You know you have ZeroTurnaround
when you are able to make any change to your application and, the nanosecond you save your changes, you can see their effect in your running application.
This is one of the reasons those PHP or Ruby developers say that they are much more productive than Java developers; anyone that has had to wait 30 seconds to see an extremely simple change in the code (like from if(var=="value") to if(var.equals("value)) be redeployed in JbossApplicationServer
knows that not having ZeroTurnaround
redeployment can be a big time-waster, specially during development, but also in production, specially if keeping downtime to the minimum is a priority.
One company (with this name precisely) offers a product named JavaRebel
that gives Java ZeroTurnaround
capabilities, another option is using OpenServicesGatewayInitiative
Framework), what I find dissapointing is that Sun decided to embrace OsGi
(now named DynamicComponentSupportForJava
) a complex technology that will require modification of the way .jars is packaged now, instead of plain just buying JavaRebel
and making it OpenSource
(or creating its own version of JavaRebel
, after all if Sun invented Java, why they didn't come up wit this idea themselves? Would it really be that hard for them to create something similar?).
I think you have that backwards:
- Sun wants to split the Java runtime into separate modules (jars) so that partial and incremental deployment are possible, and JSR 277, The JavaModuleSystem? enables them to do this.
- The other big need for OsGi / JavaModuleSystem? (JSR 277) functionality is to fix the ClasspathHell problem: My application uses libraries "B" and "C", both of which use library "D", but "B" and "C" require different versions of "D". There's no version of "D" I can put on the CLASSPATH that will satisfy both "B" and "C". Thus, I'm in "ClasspathHell."
- But you are forgetting the third goal , dynamically loading and unloading modules (a requirement for ZeroTurnaround) (as it is supported in the latest OsGi enabled application servers also such as JonAs or Sun owned GlassFish ) Or as it is possible thanks to SpringFramework in their new SpringSourcedmServer, or as it is theoretically possible in Eclipse (although not as stable as it should because Eclipse was not built with OsGi support from the start (and even then we would need a MultitaskingVirtualMachine to actually make it module crash proof) )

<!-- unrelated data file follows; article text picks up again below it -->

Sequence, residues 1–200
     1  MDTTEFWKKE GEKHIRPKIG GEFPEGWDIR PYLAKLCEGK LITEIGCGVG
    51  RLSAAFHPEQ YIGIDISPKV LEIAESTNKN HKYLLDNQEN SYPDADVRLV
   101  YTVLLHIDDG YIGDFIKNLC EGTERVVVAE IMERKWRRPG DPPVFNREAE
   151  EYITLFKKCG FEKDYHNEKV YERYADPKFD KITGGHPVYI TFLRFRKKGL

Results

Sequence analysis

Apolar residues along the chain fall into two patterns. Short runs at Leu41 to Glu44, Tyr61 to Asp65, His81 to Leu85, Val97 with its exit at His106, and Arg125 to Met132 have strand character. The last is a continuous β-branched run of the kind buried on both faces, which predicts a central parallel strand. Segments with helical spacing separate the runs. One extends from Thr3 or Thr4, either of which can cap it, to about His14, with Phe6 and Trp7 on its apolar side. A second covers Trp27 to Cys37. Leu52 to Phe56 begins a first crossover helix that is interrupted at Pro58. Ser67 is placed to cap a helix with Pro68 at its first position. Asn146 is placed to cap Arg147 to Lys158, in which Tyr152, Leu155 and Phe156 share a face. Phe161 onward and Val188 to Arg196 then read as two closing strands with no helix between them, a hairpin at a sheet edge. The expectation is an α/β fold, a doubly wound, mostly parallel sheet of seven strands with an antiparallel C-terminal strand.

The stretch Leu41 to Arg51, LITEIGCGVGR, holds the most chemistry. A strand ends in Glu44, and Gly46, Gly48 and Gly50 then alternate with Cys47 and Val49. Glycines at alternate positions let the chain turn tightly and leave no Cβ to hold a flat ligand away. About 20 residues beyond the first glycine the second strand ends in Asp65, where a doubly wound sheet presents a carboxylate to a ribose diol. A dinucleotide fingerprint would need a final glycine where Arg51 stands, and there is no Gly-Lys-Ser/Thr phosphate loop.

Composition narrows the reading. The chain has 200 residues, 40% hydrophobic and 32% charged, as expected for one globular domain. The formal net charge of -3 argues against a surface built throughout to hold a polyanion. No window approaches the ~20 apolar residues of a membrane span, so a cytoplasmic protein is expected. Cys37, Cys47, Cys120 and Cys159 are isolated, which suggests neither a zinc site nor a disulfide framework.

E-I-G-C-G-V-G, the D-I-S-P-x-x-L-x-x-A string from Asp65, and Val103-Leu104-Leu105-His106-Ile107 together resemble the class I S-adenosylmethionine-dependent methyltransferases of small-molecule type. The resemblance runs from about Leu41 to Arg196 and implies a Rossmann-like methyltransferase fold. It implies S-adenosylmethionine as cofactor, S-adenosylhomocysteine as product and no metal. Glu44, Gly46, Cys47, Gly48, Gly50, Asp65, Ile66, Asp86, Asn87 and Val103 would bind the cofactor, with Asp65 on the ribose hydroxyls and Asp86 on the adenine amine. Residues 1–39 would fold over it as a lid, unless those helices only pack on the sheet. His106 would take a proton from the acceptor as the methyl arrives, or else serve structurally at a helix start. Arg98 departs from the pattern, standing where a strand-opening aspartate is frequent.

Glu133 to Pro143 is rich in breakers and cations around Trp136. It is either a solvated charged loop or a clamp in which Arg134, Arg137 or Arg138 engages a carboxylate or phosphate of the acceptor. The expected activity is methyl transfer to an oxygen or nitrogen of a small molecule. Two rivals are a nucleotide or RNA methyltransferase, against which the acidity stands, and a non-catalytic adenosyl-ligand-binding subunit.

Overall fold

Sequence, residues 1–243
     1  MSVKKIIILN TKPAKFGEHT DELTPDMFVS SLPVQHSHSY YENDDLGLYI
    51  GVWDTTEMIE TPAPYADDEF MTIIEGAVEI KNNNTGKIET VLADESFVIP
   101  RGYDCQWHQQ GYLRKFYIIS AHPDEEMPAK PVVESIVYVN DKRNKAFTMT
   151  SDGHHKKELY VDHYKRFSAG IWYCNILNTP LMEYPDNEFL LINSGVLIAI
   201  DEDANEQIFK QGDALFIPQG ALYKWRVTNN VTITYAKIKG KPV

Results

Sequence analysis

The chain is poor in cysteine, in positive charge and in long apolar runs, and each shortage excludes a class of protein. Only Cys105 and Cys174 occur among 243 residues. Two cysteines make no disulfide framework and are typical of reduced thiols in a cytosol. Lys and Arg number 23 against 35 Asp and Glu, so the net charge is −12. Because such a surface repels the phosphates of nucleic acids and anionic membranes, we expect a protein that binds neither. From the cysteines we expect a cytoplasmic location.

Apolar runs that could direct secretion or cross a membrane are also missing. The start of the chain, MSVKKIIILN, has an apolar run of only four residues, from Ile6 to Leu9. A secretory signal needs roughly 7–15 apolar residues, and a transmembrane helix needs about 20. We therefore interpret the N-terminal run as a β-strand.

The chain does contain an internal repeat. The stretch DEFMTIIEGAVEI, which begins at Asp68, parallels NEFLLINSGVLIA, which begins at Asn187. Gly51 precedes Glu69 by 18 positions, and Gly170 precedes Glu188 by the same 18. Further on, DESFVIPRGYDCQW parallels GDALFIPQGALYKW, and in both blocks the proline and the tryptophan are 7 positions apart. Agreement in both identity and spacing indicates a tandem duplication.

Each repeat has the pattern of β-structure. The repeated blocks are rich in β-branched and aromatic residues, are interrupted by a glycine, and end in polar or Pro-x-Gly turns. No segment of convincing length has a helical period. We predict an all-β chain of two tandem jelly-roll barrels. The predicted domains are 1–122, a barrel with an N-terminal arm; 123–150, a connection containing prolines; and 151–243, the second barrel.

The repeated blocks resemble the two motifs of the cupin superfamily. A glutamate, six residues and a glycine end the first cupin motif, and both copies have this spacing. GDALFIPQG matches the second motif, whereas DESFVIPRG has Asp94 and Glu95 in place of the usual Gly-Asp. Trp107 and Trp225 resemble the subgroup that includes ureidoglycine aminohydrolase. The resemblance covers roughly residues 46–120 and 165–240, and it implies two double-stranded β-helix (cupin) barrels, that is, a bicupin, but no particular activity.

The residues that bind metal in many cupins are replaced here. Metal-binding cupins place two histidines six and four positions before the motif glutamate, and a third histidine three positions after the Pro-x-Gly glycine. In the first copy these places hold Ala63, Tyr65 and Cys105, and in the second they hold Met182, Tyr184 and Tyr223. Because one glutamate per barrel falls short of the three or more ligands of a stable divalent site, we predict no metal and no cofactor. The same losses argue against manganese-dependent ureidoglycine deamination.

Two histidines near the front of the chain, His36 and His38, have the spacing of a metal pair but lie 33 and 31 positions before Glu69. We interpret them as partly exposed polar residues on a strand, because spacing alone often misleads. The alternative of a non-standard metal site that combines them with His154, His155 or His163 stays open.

I can see this leading to a "just hack it" mindset, since the time to see a change is so small, the developer starts to make changes instead of thinking about the correctness of said change.
Yes, it does, but I think that developers should avoid the "just hack it" mindset because of some kind of objective proof that it is actually better that the "design it carefully first", and not because the platform leaves them with no choice at all (See BondageAndDisciplineLanguage) -- AnonymousDonorTwo
Consider also unit testing and refactoring as well.
Well, according to XP methodology practices, you are free to "spike" out a solution to a problem -- this is equivalent to hacking/cobbling something together.
Once things are working, however, you're now in a position to better understand the solution; either you can write your tests to back your hack (only do this if you know your finished solution matches the hacky solution, though), OR, you can rip your hack out, write your tests and follow proper TDD practices. In either case, refactoring (if at all possible) is encouraged.
You're using the hackability of the system to your advantage, instead of discarding it as a relic of bad behavior.
So... are we having some sort of ViolentAgreement? (We both think ZeroTurnaround is and advantage even if it can be abused by incompetent people)
I don't know; that depends on whether or not you are the same person as AnonymousDonor
One, whose response I took in a decidedly negative
context, not positive. All I'm saying that you don't need to discard thinking in terms of correctness when you make so-called "quick hacks." Hopefully I'm not being to violent in thinking this. :) -- AnonymousDonor
I am not the same person as AnonymousDonorOne I am AnonymousDonorTwo the one that loves ZeroTurnaround and apparently PeacefulyAgreesWithYou? ;-)
I find that when doing TestDrivenDevelopment
(TDD) in ExtremeProgramming
(XP), quite independently of doing SpikeSolution
or not, quicker turnaround is always a good thing.
The excessively long turnaround of JAR-ing and deploying code into a JEE application server, to be tested remotely makes TestDrivenDevelopment much
more difficult -- even to the point of discouraging the use of TestDrivenDevelopment
The most common and successful approach I've seen is to decouple the application code from such heavy dependencies on the server framework, so that the application code can be tested "outside of the container."
Then startup and class loading issues largely disappear.
We should also remember that ExtremeProgramming
style was developed in the SmalltalkLanguage
development environment, which has always very
When a test calls a method that does not exist, the smalltalk debugger stops execution right there.
Then you can add the missing method to the production code, pop the stack a few frames, and resume execution.
So don't think that rapid turnaround necessarily implies hacking!